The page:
The Killer Shrews (1959) in which dogs are dressed in shrew costumes (or something like that) to illustrate the downside of animal experimentation. (Yes, not strictly radiation-centered, but really – this one is actually delicious in its awfulness. Plus, it stars James Best of Dukes of Hazzard fame. And it has enough of a cult following to have a 2012 sequel, cunningly titled Return of the Killer Shrews). This one was shown as a double feature with The Giant Gila Monster, in which a Mexican Beaded Lizard (not a Gila monster) attacks a model town and a toy train set, thereby disrupting a “record hop.”
Night of the Lepus (1972) in which mutated (although not irradiated) rabbits hop amok. Yes, rabbits against a miniature background. For some reason, both Janet Leigh and a post Star Trek DeForest Kelley signed on for this film that does no bunny any good.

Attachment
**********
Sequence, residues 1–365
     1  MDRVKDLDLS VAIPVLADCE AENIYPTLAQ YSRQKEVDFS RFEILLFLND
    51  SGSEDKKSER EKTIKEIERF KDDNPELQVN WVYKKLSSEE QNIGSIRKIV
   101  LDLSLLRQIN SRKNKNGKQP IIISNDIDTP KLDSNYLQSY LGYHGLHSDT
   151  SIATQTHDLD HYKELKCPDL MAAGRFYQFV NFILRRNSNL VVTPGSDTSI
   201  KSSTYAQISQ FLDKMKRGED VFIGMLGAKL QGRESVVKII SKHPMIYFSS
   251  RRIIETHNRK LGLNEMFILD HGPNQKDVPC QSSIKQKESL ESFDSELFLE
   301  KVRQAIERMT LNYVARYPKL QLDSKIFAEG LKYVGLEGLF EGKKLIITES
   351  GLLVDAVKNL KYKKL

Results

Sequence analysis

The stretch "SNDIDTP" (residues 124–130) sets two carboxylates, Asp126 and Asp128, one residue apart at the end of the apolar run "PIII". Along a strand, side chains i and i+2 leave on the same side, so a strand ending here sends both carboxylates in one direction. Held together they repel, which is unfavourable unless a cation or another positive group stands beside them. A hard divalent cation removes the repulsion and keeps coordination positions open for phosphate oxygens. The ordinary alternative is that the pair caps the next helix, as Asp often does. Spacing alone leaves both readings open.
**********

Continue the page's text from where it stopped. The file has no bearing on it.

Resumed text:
The list goes on and on, especially if you expand out to include mutations caused by serums, or nuclear testing that shifts ice packs, tectonic plates, or sea beds to reveal hideously oversized creatures from the dawn of time.
But all of these – ALL OF THESE – pale in comparison to the bizarre delusion of filmmaking, the sheer inanity of plot, the utter disregard for the welfare of the audience that is 1957’s Beginning of the End. In this atrocity, Peter Graves (yes, Peter Graves from Mission:Impossible!) is an agricultural scientist who has the noble goal of feeding the world. To do this, he has experimented with using radiation as the ultimate Miracle-Gro to produce gigantic vegetables. It never occurs to him that his Green Giant-worthy veggies might attract pests like, say, locusts. Once these critters (who are monstrous enough in their unmutated swarm state) gobble a grain silo, they grow to gigantic size and head for Chicago. (As locusts do.) While the entire movie is cringe-worthy, seeing monster grasshoppers scale the Windy City’s skyscrapers is stunning – especially when you realize that the ‘hoppers legs aren’t staying on the buildings because they’re crawling on a postcard.